Secretary of Defense Lloyd Austin treated for prostate cancer, Walter Reed says

Lloyd Austin

Officials have shared the cause of Defense Secretary Lloyd Austin’s surprise hospitalization earlier this month as he continues to recover at Walter Reed National Military Medical Center.

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Austin was hospitalized Jan. 1 following complications from a surgery performed in December to treat prostate cancer, according to doctors at the hospital. Pentagon officials did not share news of his hospital stay for days, sparking widespread criticism and concerns about transparency.

In a statement released Tuesday, doctors at Walter Reed said prostate cancer was detected during a health screening in early December and required treatment.

Austin was admitted to the hospital on Dec. 22 for a prostatectomy, “a minimally invasive surgical procedure ... to treat and cure prostate cancer,” according to the statement from trauma medical director Dr. John Maddox and Dr. Gregory Chestnut, director of the Center for Prostate Disease Research at the hospital.

Austin returned home on Dec. 23.

“His prostate cancer was detected early and his prognosis is excellent,” doctors said.

Days after the surgery, on Jan. 1, Austin was admitted to the hospital again with nausea and severe abdominal, hip and leg pain.

“Initial evaluation revealed a urinary tract infection,” according to doctors. “On Jan. 2, the decision was made to transfer him to the ICU for close monitoring and a higher level of care. Further evaluation revealed abdominal fluid collections impairing the function of his small intestines.”

Doctors treated the issue through non-surgical means.

“He’s progressed steadily throughout his stay,” according to the statement released Tuesday. “His infection is cleared. He continues to make progress and we anticipate a full recovery, although this can be a slow process.”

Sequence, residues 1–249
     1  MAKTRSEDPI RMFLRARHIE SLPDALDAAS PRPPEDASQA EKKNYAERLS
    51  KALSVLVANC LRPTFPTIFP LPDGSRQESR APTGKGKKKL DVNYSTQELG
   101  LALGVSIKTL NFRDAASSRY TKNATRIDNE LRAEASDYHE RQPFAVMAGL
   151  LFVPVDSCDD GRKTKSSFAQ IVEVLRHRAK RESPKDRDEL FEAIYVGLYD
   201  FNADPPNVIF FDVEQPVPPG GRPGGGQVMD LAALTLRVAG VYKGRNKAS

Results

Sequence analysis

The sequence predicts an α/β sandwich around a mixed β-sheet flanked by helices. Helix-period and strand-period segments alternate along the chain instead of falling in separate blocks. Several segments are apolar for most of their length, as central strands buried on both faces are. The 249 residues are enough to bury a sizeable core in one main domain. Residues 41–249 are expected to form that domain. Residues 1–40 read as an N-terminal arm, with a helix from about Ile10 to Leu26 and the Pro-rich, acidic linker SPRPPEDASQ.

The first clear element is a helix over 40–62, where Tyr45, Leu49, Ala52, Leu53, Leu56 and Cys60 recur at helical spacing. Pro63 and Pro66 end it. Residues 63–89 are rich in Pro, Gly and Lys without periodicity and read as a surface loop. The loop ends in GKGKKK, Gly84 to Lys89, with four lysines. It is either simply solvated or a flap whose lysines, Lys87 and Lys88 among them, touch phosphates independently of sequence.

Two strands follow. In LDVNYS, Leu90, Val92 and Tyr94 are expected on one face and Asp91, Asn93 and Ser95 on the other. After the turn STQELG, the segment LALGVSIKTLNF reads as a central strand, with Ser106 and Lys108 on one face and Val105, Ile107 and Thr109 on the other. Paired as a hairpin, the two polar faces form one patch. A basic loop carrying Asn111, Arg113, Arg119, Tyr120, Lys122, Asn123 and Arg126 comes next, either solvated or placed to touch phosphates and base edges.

Doctors stressed that Austin has not lost consciousness at any point since his Jan. 1 hospitalization. He was under general anesthesia during his Dec. 22 surgery.

The Pentagon failed to immediately disclose Austin’s medical issues to officials, including President Joe Biden, prompting an avalanche of criticism, The Washington Post reported. John kirby, National Security Council coordinator for strategic communications, told reporters on Tuesday that Biden only learned Austin had prostate cancer earlier in the day.

On Saturday, Austin acknowledged concerns about transparency, adding that he “could have done a better job ensuring the public was appropriately informed.”

“I commit to doing better,” he said. “But this is important to say: this was my medical procedure, and I take full responsibility for my decisions about disclosure.”

The incident prompted White House chief of staff Jeff Zients to issue a memo to Cabinet secretaries ordering them to notify his office if they can’t perform their duties, according to The Associated Press.

On Tuesday, Pentagon Press Secretary Maj. Gen. Pat Ryder said Austin “remains in good spirits” as his recovery continues. Austin has been working from the hospital, where he has access to required secure communications capabilities, Ryder said.

It remained unclear Tuesday when Austin would be released from the hospital.

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